Sure they start slinging insults in an attempt to backpedal, but they’re not fooling anyone: they’ve made real progress this week, and they’re sure to make more, which is very encouraging.

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Gakusen Toshi Asterisk – 03

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Don’t look now, but despite the lack of asterisks or wars, The Asterisk War is not only eminently watchable, but getting better with each passing episode. We pick up at Ayato’s evening rendezvous with Claudia in her sumptuous Page One chambers. But it’s nothing so course as a liason, nor has Claudia tricked Ayato; she has a job for him. There’s someone out there injuring Festa participants, and Julis is their next target. Because he’s developed such a good rapport with her, Claudia is depending on him to keep an eye on her, should she come under ambush.

Speaking of ambushes, Claudia offers a sexy reward for his service, but which also serves her own desire to see the look on Ayato’s face when she offers it. Claudia was probably expecting Ayato to flee from her advanced advances, as the young lad probably doesn’t know the first thing to do with such a beauty as herself. Yet in her comments about him not paying attention to her (or at least the attention she wants) there’s a tinge of jealousy. She wishes she had a guy who cares about her the way Ayato seems to care about Julis.

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The next morning, Ayato does know what to do when he sees Julis’ out-on-the-town clothes, which she claims she just “threw together”: compliment them. Good Ayato! They proceed to have a lovely date that gives the two a chance to bond more, and for Ayato to prove he’s as tough as Julis thought (staring down the still-ridiculous Lester at “WCDONAID”) but also labeling him “unfathomable.” Um, I think that’s Ayato’s line for you, highness!

What the date mercifully lacks is unfortunate trip-and-fall accidental groping silliness, or overt tsunderity on Julis’ part (no running away in tears or embarrassment, either). Instead, there’s a lot of smiles shared between the two, suggesting Julis isn’t so quick to deny actually she’s enjoying herself on this mission to repay her debt, and Ayato is obviously not going to complain about hanging out with a beautiful princess. She even wipes ketchup off his face without blushing.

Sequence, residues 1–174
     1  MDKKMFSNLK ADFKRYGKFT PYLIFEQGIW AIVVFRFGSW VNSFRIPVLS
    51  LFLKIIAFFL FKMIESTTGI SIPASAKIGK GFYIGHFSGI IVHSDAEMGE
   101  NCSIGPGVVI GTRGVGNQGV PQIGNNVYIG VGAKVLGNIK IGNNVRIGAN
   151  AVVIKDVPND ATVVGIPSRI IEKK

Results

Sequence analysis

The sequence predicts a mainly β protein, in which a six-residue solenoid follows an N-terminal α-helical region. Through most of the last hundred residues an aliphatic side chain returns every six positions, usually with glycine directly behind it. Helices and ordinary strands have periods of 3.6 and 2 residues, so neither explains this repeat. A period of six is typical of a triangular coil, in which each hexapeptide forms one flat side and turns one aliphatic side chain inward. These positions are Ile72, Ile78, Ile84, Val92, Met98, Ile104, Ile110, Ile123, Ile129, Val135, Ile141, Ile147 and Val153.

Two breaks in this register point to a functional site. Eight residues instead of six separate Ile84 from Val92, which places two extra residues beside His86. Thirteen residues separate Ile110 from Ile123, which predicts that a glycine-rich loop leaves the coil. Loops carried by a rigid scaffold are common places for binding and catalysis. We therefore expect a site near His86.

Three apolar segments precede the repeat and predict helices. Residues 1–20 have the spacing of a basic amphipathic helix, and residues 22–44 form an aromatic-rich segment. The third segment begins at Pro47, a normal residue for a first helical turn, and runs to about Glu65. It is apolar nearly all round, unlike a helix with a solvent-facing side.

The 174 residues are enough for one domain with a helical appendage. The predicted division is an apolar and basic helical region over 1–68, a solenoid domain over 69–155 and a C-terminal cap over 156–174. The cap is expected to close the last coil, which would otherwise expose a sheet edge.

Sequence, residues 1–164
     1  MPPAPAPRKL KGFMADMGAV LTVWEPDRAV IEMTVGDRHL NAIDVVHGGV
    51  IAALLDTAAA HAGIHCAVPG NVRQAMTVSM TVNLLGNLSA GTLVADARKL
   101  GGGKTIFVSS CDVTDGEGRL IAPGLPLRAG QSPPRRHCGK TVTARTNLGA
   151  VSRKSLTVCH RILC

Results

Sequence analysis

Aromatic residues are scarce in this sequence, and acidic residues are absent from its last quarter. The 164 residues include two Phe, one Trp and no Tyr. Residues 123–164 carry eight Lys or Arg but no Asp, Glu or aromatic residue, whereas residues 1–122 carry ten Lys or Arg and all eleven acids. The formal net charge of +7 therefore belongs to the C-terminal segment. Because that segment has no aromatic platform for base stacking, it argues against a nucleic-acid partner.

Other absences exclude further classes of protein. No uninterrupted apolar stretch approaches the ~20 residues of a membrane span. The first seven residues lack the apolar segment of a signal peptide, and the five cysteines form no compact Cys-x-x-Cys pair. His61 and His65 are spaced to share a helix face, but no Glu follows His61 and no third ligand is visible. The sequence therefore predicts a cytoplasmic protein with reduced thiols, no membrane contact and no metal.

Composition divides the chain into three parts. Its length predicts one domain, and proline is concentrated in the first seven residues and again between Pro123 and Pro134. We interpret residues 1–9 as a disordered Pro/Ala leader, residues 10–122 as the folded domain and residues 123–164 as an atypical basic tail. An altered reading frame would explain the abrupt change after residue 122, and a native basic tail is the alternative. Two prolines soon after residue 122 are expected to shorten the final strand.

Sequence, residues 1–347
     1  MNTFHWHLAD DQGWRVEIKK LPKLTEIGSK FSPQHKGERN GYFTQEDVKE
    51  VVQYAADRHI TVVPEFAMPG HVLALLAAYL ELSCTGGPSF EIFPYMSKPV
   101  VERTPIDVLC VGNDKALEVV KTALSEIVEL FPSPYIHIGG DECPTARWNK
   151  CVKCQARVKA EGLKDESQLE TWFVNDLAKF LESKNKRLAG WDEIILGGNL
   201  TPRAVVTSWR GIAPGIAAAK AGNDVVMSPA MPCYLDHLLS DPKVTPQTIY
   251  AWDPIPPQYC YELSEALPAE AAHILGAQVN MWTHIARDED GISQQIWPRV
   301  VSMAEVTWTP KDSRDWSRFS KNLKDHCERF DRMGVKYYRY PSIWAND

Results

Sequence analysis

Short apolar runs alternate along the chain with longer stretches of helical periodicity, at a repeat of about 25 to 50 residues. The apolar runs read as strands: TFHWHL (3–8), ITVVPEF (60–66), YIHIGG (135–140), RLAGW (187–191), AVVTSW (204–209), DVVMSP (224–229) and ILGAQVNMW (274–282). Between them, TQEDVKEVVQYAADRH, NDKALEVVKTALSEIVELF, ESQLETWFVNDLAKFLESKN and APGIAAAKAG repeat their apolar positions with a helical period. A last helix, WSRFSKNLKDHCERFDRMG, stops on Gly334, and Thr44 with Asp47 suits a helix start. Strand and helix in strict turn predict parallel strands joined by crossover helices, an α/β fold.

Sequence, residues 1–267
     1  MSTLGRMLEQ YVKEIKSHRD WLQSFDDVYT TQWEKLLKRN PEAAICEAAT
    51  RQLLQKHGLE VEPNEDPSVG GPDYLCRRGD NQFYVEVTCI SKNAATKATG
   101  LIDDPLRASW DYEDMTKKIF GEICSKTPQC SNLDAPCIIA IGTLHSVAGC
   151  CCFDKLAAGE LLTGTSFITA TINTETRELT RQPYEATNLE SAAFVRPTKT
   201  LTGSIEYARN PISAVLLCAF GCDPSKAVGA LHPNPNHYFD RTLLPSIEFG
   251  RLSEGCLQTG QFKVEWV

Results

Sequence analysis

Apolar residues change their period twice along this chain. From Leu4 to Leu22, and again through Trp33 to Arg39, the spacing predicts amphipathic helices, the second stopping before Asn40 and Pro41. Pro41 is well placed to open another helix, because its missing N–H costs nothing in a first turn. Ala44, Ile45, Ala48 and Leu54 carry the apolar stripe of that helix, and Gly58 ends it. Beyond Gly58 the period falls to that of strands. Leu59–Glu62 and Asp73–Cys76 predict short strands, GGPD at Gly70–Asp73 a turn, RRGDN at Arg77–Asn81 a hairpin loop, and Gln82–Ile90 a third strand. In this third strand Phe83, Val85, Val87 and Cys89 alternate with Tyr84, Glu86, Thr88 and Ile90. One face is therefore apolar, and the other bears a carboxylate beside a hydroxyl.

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The highlight of the date has to be at the end, when they witness a rival school brawl that the sharp Julis quickly sees is actually another ambush. Her line about going to “grilling them for answers” and Ayato’s game reply, “keep it to medium rare or so” is a wonderfully dorky buddy action movie exchange, but it shows how far the two have come in just a few days of interaction.

Julis deals with the thugs without any trouble, but spots cloaked figures in the woods and goes after them, alone. Ayato, naturally, follows her, becomes another one of their targets, but eventually forces their retreat without a head-on confrontation, with the parties obviously loath to reveal who they are. Ayato is fine except for a ripped shirt, but Julis thought his participation in the chase was “a bit careless.” Again, that’s Ayato’s line!

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That night, it’s Julis’ turn to invite Ayato to sneak into her chambers from the window, and when she tells him they’re going to “get it over with” and orders him to “remove his clothes”, well, Ayato’s mind understandably races. No worries, Julis simply wants to mend his shirt with her sewing skills. Get your head out of the gutter, Ayato!

Then there’s this very nice scene with Ayato patiently waiting as Julis sews away, and he notices a photo of her with her friends from her home country. Julis then gives away more of her backstory then she probably thought she would that night, explaining to Ayato how she was once a palace-escaping tomboy who ended up in trouble in a dark alley. She was saved by a group of other young girls (girl power) who lived at a nun-run orphanage (more girl power). She became fast friends with the girls, without telling them who she really was (though not ruling out that the nuns knew).

The orphanage has since fallen on hard times, and since she’s unable to secure funds for a “money-losing welfare program” with her name (her royal family is only a puppet regime of the Integrated Empire), she’ll make the necessary money with her own power, in this “vulgar, insignificant city” that also happens to be the one place anyone can get what they desire.